Programming prodigy and information activist Aaron Swartz achieved groundbreaking work in social justice and political organizing. His passion for open access ensnared him in a legal nightmare that ended with the taking of his own life at the age of 26.
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The story of programming prodigy and information activist Aaron Swartz. From Swartz's help in the development of the basic internet protocol RSS to his co-founding of Reddit, his fingerprints are all over the internet. But it was Swartz's groundbreaking work in social justice and political organizing combined with his aggressive approach to information access that ensnared him in a two year legal nightmare. It was a battle that ended with the taking of his own life at the age of 26. Aaron's story touched a nerve with people far beyond the online communities in which he was a celebrity. This film is a personal story about what we lose when we are tone deaf about technology and its relationship to our civil liberties.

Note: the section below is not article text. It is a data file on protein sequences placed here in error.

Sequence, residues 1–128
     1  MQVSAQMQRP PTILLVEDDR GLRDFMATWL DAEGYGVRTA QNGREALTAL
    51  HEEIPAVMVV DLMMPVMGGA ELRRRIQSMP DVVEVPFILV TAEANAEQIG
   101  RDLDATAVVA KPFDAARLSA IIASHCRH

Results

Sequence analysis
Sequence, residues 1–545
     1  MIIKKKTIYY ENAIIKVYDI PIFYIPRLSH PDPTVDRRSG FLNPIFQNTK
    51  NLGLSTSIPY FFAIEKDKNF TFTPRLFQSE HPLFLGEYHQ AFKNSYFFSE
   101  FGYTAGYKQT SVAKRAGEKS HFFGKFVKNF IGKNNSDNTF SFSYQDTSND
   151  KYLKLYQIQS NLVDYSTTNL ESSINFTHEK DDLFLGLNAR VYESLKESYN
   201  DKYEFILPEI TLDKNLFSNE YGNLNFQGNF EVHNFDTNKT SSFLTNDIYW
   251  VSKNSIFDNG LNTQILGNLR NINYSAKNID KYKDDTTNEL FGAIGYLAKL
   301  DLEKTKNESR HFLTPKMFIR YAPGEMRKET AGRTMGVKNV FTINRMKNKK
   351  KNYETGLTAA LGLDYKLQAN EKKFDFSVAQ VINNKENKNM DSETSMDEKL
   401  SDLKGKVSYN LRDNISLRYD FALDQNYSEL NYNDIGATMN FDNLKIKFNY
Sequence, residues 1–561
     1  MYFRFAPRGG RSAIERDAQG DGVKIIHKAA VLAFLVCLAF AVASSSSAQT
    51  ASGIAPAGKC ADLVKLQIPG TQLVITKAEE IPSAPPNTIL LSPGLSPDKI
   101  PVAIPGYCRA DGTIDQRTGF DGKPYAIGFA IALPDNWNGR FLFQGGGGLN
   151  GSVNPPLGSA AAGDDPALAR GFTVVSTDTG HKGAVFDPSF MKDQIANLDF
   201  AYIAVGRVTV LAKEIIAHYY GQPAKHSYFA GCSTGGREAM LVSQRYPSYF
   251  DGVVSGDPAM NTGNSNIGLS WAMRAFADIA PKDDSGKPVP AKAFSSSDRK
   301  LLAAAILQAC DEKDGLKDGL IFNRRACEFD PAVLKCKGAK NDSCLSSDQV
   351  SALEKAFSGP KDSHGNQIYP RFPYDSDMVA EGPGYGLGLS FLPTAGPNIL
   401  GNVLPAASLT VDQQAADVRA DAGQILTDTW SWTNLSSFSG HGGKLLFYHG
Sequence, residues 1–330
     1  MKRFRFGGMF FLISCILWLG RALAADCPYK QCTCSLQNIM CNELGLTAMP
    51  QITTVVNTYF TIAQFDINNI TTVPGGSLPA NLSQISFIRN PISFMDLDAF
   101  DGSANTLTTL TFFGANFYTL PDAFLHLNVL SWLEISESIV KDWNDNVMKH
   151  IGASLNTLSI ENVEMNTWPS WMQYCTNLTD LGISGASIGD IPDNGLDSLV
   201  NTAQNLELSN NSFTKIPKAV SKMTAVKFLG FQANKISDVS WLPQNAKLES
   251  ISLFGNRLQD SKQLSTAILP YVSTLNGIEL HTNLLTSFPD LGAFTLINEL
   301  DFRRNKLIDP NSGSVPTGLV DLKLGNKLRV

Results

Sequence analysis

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Aaron Swartz was an internet hacker and activist who committed suicide under pressure from a U.S. government attempt to prosecute him for a crime (stealing data) where he meant no harm and sought to make no money. I certainly agree that the legal case against Swartz was absurdly overcooked; but the film throws up a number of interesting issues about theories of government in general, and the techno-utopian world-view that Schwarz subscribed to. Technological advance can make previous ways of doing things obsolete, and measures of control superfluous and/or unnecessary. They threaten vested interests (or, more probably, they threaten to replace an old elite whose interests are vested in the old technology with a new one unencumbered by attachment to the past). One can believe these changes are good in themselves; one can believe the death of the old control structures is an added bonus; one can believe that the changes are good precisely because they lead to the end of the old control structures. And this way of thinking (in the context of technologies for the storage and dissemination of data) leads to the idea that 'data wants to be free'; and that any attempt to restrict data availability is a form of human rights violation. This leads to some strange positions. For example, academic journals have existed, in some cases for hundreds of years, because publication has been intrinsically difficult. Now, it's easier, the traditional model may be obsolete, and of course, the publishers fight changes that threaten to end their cosy oligopoly. And yet, for an academic journal publisher to seek to defend their copyrighted material is not evil (unless one believes in the complete abolition of intellectual property, which is a different kind of argument). Being on the wrong side of history is ultimately a practical matter, not a moral one. And new models of publishing still come at a cost and still have to be paid for - data is not free (in that other sense of freedom) and in a world with differential ability to pay, that means it cannot be universally free in the other sense either.nnAnd as a scientist, supportive of the principle of open access, I find myself in agreement with most of Swartz's positions; and yet alienated by his friends and collaborators, who insist that the government should not have prosecuted Schwarz at all, basically because he was right and they were wrong. One really doesn't need a very advanced theory of power to see that this is a naive way of looking at the world, or an advanced theory of psychology to consider it an arrogant one. The world needs its Aaron Swartz's, and a wise and humane government would not seek to hand down excessive sentences on such people merely to assert its own right to make the rules. But the world also needs people to (mostly) obey the law, and while there may be many decisions of government that people might justly object to on grounds of conscience, Swartz's objections to copyright law lie mainly in the fact that it prevented him from doing cool and interesting things. I find myself in support of most of Swartz's specific views, yet sometimes I feel as scared of libertarians of left (like Swartz) and right as I am of the big government they oppose, whose optimism is invigorating yet in some senses selfish, with their apparent belief that government's worst crime is acting to prevent brilliant and privileged people from reaching the height of their potential. Whatever, it's a documentary that certainly makes you think, but one should screen the views of Scwartz's acolytes before swallowing them in their entirety.
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